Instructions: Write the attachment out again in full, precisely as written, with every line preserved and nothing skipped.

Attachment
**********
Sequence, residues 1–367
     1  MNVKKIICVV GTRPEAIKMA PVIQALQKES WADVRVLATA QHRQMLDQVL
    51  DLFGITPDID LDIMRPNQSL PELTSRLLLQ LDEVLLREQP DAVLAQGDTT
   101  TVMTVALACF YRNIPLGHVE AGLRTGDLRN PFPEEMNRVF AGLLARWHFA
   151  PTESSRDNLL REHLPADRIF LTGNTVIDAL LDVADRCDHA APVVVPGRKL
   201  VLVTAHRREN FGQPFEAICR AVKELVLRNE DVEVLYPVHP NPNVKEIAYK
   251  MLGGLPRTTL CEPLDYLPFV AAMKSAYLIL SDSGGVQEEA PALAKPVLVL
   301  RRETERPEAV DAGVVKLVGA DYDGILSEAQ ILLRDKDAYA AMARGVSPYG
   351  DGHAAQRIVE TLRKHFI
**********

Sequence, residues 1–367
     1  MNVKKIICVV GTRPEAIKMA PVIQALQKES WADVRVLATA QHRQMLDQVL
    51  DLFGITPDID LDIMRPNQSL PELTSRLLLQ LDEVLLREQP DAVLAQGDTT
   101  TVMTVALACF YRNIPLGHVE AGLRTGDLRN PFPEEMNRVF AGLLARWHFA
   151  PTESSRDNLL REHLPADRIF LTGNTVIDAL LDVADRCDHA APVVVPGRKL
   201  VLVTAHRREN FGQPFEAICR AVKELVLRNE DVEVLYPVHP NPNVKEIAYK
   251  MLGGLPRTTL CEPLDYLPFV AAMKSAYLIL SDSGGVQEEA PALAKPVLVL
   301  RRETERPEAV DAGVVKLVGA DYDGILSEAQ ILLRDKDAYA AMARGVSPYG
   351  DGHAAQRIVE TLRKHFI